Well, for the first time in this series of [[Being Human (TV Series)|Being Human]], we get a glimpse of what’s been motivating the evil Kemp in his Van Helsing-esque pursuit of supernatural creatures.
Flashback to 1972, and a much younger Reverend Kemp is returning home from a service to discover his wife and daughter being fed on by vampires. By the time he chases them off with his trusty bible, it’s too late. Mother and daughter are dead. This is the stuff vendettas are made of, and Kemp (in 1972) is clearly at the start of a lifelong ambition to rid the world of supernatural creatures.
Even with that crucial piece of backstory, it’s hard to understand why Kemp is gunning for such docile critters as Annie, Mitchell and George. OK, so he doesn’t know of their struggle to fit in, but he’s proven ruthless in his methods with one dead werewolf and an almost-dead Nina in his recent past.
This week, Mitchell’s storyline revolves around being betrayed by Lucy – she failed to stake him that morning, but later on gives Kemp enough information to plant a huge bomb in the funeral parlour. Mitchell [[Aiden Turner]] has called a meeting of the vamps to step down as their leader – not knowing that Professor Jaggat has booby trapped the place. An explosion rocks the funeral parlour, just as Ivan leaps on Mitchell to push him out of the way.
We’re left unsure as to whether Mitchell and Ivan survived the bombing – cleverly, the preview for next week’s episode doesn’t feature Mitchell and appears to show Annie and George leaving together. Oooh, the suspense!
George’s ([[Russell Tovey]]) hasty ‘moving in with Sam and Molly’ storyline picks up pace, as he lies to explain why he has to stay out once a month. Molly does a bit of Googling and proves he’s a fraud, but maturely tells him if he’s going to hurt her mother “do it once, and do it soon.”
George isn’t entirely convinced – but when it looks like he might want a heart to heart with Sam about his werewolf condition, Molly wakes up after a nightmare. Unfortunately, the nightmare is inspired by George – does she have some kind of power herself? She seems to know that there’s more to George than he’s letting on.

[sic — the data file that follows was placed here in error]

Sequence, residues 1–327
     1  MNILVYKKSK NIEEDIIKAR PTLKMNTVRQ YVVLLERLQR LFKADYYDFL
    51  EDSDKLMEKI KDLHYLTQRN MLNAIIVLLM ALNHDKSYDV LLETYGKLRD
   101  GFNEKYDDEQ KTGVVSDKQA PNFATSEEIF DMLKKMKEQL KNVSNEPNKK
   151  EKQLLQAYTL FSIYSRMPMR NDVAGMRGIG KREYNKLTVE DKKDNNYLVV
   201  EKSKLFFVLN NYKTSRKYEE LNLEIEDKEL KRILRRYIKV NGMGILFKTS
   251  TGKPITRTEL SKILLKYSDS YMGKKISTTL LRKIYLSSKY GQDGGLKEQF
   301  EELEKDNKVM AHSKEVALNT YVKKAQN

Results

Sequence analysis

Annie ([[Lenora Crichlow]]) decides to get on with her life. With Mitchell in a relationship with Lucy and George moving out, she visits a travelling psychic who turns out to be a fraud. Props to the actor – Simon Paisley Day – for his portrayal of the cheesy Alan Cortez, so utterly tacky, dishonest and depressing. I loved the little touches here – like the microphone with a picture of Cortez on the side of it.
Anyway, it seems that Cortez was at one point able to commune with the dead, but an accident left him disconnected from their voices. Which kind of hobbled his stage show. Ever-helpful, Annie decides to become his translator, passing messages on from the ghosts. Until – in an unexpected twist – her own mother walks into the theatre. Clearly stricken with grief, Annie’s mum talks of her guilt for not noticing that her daughter was scared in her relationship.
Through Cortez, Annie makes contact with her mother and convinces her to move on. The episode becomes a bit Ghost Whisperer at this point – especially when Annie’s mother goes to her grave for a final goodbye. The thing is, Annie’s standing right beside her talking to her. I thought this needed investigating a bit more – because Annie might be dead, but she’s ‘living’ a pretty ordinary life. Almost an altered state. So why not try and forge a relationship with her mother in a different way? They could have tied this part up a little better, I thought.
In the end, Annie has decided it might be time to move on. Does that mean going into the light? Will she be seeking out Jennifer Love Hewitt? That’d be a great episode, wouldn’t it?
There were a few cracking moments of comedy mixed in with all the drama – George’s telling Annie off for behaving “like a common poltergeist” was a stroke of genius. As was Ivan when Mitchell asked him to set up a meeting of the vampires: “It’s OK, I’ve got most of them on my Twitter feed.”
I should also mention – check out Dan Owen’s review of this episode – he’s got a great feel for this show, and is a great TV writer in general.